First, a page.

Mike Schwartz

    ReplyDelete
  3. Dear Mike Schwartz

    Without commenting on the merits of the story, I will say that your remarks are presumptuous and a little sanctimonious. There is nothing wrong with writing in the voice of your narrator and there is nothing wrong with using words like "hopefully" and "suddenly." What literature permits is an endless variety of styles and forms and this story represents one of them.

    ReplyDelete
  4. Hi to Anonymous:

    Then I guess my opinions have no validity. Hmmmm. Am I supposed to say I love everything and everything is great? Or may I say what I feel? I never said that what the author did in the story is not valid, should not have been written, that the author should give up. I just said I was tired of reading that stuff. Me. Not you or anybody else. But me. Some people like John Barth. Others Philip Roth. Others Thomas Pynchon. Others J.K. Rowling. Others James Petterson. All valid. I merely said what I've been saying for the past 40 years out of my 60. Write what you don't know to discover what you do. Spread yourself. Explore the boundries. That's all, and if that's presumptuous and sanctimonious, then I guess this is not the place for a free discourse. Or is it? Norman Mailer hated Gore Vidal, had a fight. Both great writers ...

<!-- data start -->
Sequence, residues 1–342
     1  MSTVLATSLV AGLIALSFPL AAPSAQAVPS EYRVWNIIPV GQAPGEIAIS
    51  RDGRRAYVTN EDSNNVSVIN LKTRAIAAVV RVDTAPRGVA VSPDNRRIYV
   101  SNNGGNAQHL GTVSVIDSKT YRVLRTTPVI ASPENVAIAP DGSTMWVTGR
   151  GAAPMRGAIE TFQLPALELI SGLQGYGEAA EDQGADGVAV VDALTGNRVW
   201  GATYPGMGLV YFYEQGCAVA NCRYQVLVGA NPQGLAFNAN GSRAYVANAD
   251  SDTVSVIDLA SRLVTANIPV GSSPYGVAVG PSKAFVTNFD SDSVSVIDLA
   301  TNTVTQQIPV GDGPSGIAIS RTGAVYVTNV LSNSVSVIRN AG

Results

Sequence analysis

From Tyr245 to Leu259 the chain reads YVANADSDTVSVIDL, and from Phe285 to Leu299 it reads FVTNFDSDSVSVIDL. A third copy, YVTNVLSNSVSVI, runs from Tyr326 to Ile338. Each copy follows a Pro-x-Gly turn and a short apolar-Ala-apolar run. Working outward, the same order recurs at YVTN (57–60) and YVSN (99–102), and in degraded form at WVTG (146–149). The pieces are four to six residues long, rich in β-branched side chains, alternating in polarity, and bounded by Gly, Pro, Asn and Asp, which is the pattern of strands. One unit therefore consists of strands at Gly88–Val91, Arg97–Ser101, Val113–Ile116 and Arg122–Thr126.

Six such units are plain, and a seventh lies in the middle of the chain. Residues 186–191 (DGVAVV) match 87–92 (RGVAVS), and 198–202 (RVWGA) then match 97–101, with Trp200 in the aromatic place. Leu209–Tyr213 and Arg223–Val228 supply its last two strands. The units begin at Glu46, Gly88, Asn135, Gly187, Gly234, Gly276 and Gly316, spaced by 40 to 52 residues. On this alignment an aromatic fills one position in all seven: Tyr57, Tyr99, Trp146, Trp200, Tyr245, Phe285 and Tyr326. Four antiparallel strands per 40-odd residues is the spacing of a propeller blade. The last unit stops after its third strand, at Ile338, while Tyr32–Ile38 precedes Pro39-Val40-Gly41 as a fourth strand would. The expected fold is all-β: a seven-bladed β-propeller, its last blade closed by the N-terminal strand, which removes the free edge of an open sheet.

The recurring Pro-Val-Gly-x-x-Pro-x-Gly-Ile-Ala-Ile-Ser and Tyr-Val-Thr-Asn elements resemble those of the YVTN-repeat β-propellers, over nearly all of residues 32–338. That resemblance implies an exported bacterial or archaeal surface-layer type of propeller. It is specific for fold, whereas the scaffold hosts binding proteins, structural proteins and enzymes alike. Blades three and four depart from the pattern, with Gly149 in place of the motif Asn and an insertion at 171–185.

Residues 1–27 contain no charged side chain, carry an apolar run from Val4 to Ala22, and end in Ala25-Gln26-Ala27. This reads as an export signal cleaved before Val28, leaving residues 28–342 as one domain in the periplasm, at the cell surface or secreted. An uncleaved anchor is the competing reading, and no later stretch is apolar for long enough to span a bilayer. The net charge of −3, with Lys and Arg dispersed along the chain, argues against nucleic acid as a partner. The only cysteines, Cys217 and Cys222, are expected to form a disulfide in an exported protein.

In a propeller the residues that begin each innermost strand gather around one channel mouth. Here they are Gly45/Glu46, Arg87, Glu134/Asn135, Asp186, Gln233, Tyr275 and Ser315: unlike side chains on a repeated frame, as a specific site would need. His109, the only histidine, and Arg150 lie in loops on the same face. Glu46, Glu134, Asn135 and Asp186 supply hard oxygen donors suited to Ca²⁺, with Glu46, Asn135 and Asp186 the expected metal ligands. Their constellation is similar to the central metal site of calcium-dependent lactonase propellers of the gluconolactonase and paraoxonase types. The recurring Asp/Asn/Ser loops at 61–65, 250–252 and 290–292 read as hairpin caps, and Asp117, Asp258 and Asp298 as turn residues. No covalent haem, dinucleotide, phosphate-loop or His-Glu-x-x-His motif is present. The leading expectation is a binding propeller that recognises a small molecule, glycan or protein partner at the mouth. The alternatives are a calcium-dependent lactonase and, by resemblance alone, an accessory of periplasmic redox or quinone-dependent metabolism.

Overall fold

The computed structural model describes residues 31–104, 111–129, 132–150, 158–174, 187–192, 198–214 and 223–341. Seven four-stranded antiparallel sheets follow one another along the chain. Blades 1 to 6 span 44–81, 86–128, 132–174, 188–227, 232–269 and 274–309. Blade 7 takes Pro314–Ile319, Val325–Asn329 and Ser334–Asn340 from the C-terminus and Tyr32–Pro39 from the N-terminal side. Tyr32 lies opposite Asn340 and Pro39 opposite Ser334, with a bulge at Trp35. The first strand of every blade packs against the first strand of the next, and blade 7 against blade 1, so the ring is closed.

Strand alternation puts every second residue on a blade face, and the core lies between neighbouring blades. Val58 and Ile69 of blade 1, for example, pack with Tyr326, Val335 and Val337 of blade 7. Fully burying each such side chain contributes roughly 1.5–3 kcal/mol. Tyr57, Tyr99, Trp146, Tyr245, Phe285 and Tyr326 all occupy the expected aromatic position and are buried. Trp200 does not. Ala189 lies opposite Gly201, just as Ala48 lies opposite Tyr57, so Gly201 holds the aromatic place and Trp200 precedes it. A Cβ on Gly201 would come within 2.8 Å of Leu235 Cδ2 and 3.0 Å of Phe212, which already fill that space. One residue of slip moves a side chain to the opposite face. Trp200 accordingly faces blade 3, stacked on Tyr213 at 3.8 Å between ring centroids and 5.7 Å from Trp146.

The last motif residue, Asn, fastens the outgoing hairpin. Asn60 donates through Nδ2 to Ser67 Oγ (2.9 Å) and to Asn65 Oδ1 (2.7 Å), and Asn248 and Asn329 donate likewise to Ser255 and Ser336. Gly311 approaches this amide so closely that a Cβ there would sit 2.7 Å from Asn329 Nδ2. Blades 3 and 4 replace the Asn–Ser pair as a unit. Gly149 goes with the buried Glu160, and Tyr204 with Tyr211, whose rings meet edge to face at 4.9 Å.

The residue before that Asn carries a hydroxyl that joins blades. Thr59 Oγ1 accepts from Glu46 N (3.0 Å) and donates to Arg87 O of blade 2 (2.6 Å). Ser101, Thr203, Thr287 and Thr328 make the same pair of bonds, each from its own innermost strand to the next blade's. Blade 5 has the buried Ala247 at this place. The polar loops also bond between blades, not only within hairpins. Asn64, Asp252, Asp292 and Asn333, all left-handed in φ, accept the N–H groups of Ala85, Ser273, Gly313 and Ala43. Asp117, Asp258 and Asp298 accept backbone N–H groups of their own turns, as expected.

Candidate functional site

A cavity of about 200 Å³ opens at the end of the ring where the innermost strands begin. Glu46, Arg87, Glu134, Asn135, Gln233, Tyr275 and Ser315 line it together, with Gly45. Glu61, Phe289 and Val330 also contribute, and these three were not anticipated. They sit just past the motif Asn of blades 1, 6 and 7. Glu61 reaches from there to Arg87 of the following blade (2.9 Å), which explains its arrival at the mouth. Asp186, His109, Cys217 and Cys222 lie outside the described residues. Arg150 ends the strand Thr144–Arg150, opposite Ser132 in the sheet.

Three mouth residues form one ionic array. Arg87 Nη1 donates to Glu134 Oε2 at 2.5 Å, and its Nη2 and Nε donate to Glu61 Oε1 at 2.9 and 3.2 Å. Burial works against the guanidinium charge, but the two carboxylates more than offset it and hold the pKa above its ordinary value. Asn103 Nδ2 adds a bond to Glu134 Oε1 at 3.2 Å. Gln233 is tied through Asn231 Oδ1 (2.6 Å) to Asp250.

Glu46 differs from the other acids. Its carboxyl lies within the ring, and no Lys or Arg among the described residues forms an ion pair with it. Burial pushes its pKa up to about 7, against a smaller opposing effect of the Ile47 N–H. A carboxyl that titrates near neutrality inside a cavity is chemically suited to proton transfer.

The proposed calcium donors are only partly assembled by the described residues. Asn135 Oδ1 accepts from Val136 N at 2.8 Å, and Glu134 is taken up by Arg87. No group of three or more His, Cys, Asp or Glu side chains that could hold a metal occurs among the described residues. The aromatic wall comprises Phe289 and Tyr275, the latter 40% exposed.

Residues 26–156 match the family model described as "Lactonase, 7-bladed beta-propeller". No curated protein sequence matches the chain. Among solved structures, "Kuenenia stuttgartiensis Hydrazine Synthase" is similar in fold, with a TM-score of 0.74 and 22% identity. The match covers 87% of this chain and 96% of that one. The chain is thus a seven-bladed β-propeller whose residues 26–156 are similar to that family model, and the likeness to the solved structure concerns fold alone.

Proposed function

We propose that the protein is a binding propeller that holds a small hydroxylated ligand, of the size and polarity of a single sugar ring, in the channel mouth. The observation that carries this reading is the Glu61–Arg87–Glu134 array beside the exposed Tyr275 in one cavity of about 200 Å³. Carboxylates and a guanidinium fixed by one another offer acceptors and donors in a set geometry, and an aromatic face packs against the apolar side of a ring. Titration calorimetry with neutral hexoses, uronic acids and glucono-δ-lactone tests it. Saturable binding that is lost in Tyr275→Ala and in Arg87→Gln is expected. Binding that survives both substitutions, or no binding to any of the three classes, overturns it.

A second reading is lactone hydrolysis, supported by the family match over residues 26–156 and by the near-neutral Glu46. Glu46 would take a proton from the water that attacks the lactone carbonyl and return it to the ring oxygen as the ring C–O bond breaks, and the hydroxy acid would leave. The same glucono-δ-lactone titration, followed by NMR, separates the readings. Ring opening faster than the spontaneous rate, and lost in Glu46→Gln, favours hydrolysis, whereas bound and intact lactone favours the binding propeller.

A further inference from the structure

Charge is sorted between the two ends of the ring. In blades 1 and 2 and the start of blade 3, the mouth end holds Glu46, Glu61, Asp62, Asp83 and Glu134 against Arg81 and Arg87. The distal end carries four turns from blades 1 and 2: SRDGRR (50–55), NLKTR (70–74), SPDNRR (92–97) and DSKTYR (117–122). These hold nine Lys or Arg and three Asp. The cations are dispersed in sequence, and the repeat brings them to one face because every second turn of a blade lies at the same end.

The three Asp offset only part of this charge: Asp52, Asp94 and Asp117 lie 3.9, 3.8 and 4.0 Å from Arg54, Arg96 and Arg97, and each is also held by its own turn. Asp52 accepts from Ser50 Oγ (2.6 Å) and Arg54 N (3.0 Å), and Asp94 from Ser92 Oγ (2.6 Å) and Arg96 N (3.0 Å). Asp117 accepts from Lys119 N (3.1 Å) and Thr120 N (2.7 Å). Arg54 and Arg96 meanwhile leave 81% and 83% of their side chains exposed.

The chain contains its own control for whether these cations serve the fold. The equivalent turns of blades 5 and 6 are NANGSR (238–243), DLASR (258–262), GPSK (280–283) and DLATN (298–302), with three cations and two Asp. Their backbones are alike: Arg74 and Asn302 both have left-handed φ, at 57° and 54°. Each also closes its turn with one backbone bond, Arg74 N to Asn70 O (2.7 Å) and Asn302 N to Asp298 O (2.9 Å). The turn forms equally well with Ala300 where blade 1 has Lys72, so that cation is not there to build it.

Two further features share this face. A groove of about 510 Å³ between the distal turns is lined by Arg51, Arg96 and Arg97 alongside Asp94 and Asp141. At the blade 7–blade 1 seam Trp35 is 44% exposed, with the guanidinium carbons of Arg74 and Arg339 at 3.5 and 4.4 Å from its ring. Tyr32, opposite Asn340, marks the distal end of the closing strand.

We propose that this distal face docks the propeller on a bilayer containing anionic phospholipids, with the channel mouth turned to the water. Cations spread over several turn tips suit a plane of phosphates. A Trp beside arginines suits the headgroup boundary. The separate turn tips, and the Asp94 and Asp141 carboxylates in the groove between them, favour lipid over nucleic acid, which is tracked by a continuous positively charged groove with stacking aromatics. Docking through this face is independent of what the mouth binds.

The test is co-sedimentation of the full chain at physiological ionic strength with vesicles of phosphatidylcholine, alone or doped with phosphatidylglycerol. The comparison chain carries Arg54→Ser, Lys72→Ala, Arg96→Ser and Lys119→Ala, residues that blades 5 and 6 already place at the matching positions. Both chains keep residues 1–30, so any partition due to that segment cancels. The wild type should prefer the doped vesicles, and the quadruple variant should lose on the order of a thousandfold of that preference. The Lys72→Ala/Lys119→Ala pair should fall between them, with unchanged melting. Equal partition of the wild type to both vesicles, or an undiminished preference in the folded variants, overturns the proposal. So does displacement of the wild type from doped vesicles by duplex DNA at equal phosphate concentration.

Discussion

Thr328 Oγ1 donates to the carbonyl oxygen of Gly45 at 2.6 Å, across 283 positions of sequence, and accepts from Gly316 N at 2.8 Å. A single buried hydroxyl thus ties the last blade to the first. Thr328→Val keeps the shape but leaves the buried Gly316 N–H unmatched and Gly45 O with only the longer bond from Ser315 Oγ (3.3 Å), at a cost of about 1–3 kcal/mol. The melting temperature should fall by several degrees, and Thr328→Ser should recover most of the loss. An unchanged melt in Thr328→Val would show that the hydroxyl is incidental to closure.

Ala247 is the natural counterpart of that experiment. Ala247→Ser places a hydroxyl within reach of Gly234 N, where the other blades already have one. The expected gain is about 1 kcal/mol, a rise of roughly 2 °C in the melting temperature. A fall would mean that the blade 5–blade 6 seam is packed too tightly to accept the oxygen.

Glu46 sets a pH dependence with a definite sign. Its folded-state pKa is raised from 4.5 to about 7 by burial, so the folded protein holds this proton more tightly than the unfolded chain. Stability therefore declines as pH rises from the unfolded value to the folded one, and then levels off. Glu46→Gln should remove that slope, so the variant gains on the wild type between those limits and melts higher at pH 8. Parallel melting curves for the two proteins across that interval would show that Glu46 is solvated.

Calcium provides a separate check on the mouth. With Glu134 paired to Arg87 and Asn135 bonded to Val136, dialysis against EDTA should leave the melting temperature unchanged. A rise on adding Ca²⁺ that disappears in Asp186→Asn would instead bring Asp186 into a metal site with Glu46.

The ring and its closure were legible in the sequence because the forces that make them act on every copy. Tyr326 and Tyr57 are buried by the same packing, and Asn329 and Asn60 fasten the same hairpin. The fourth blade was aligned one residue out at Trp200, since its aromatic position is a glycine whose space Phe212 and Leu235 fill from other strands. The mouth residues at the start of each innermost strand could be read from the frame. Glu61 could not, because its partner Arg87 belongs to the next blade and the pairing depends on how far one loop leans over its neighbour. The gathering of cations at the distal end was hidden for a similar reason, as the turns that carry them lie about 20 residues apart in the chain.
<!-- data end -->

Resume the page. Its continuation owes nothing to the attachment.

Mike Schwartz

    ReplyDelete
  5. I liked the length of the story and how it unexpectantly developed.

    I am studying journalism and philosophy and aspire to be a journalist. Going around cafes and writing doesn't seem like such a bad way of life!
    I'm just afraid of being stuck in an office for the rest of my life!

    ReplyDelete
  6. Interesting concept where real lives can sit adjacent but mostly innocently on laptops that have no need to be connected. Perhaps there might be a sequel in this?
    Regards
    Colin

    ReplyDelete
  7. I really enjoyed this story. Monica

    ReplyDelete